Saturday, October 24, 2009

Don't Payze Me Bro

A story I didn't comment on this week was that of the "Pay Czar" Kenneth Feinberg, who is going to limit executive pay for the top 25 employees at the biggest TARP teat sucklers: BankAmerica, Citi, AIG, GM, GMAC, Chrysler and Chrysler Financial. Even for a free markets capitalist like me, it's hard to complain about this - I mean, these firms have received oodles of government cheese, and I dare say that all of them would be up a creek without a paddle if not for the generosity of the taxpayer. Hence, the public's anger gets appeased with this symbolic offering: you certainly won't see the CEO's of any of these firms receive hundred million dollar bonuses this year. One problem is that especially at BAC, C and AIG, the top 25 titular ranked employees may not be the highest earning ones.

Marla @ ZeroHedge had an interesting post a few days ago on the subject - which I found especially intriguing because her readership generally disagreed with her.

"Citizens of the United States do not need a "special master" to deliver them a spanking for losing money. Nor do they need a handout from government coffers. It's time for enterprise in the United States to leave the nest and forgo both the extra bedroom that Mom will keep just like you left it "in case," and the time out room Dad will send you to if you blow it again. Punishing firms that accepted government funds, effectively under duress, and who have managed to actually pay those funds back (at a gain to the taxpayer, you might also notice) is a dangerous act. It is a clear sign that political whim and "sensitivity to public outrage" is driving economic policy. Again, this will all end in tears."

I strongly agree that firms who paid the funds, which were given without foresight of potential consequences (like public outrage over GS's massive bonuses) cannot be held liable forever. Also, I think the government meddling in the compensation of employees at non-government owned firms is an atrocious idea. However, the 7 firms in this case are not your average companies - they are the top of the pyramid of government largess, and I think that with these 7 companies, it's hard to disagree with limited compensation. Marla notes that populist policies can never be a good trend, which I agree with wholeheartedly.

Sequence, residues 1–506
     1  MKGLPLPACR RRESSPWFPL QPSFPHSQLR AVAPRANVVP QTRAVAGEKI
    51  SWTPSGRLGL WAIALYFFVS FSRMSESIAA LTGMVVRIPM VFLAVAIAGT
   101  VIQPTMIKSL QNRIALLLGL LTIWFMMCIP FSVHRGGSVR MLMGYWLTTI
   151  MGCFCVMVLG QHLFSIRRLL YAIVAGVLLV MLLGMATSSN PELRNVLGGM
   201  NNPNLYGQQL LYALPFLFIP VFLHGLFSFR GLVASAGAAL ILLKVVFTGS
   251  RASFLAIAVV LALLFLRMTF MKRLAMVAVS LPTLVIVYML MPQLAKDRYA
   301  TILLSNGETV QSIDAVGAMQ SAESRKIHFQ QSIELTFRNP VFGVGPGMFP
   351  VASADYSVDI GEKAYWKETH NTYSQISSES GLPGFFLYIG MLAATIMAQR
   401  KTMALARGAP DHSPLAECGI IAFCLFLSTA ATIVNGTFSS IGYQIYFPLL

Marla also explains:
"The proper way to have dealt with executive pay (which is a tiny fraction of corporate cost in any event) would have been to permit these institutions to fail. Period. You might notice that no one needs to modify Dick Fuld's pay today."

I agree 100% with this - but what do we do now that the horse is out of the barn? That's why I find it hard to argue with restricting comp at the worst offending firms.

Yves at NakedCapitalism also attacked the topic:

"The point is that the collection of these scalps will do nothing to comp levels ex these firms. The companies that also enjoy implicit government guarantees are free to do the “heads I win, tails you lose” game of privatized gains and socialized losses. And Ken Lewis is the poster child of why these measures are completely meaningless. He sacrificed his 2009 pay, but will still collect $125 million when he departs Bank of America. If the government is going to backstop the industry (and this isn’t an “if” anymore), it needs to limit those firm’s activities to what is socially valuable and regulate them heavily to contain risk taking."

I happen to very much disagree with that last sentence about ensuring that activities are "socially valuable." On the contrary - the key is to make sure that the activities are NOT socially DESTRUCTIVE. Those two conjectures are not equivalent. If the government is going to backstop an industry, like banking, it needs to make sure that none of the firms have the ability to take risks which have the ability to blow up our financial landscape. The government's job is NOT to make sure that banks are saving puppies and kittens and painting their offices in pretty pastel colors, or other "socially valuable" initiatives.


1 comment:

Daniel said...

Excuse me but how much did dick take out of Lehman before the implosion? He ain't hurting right now. In fact, his grandkids grandkids won't be hurting....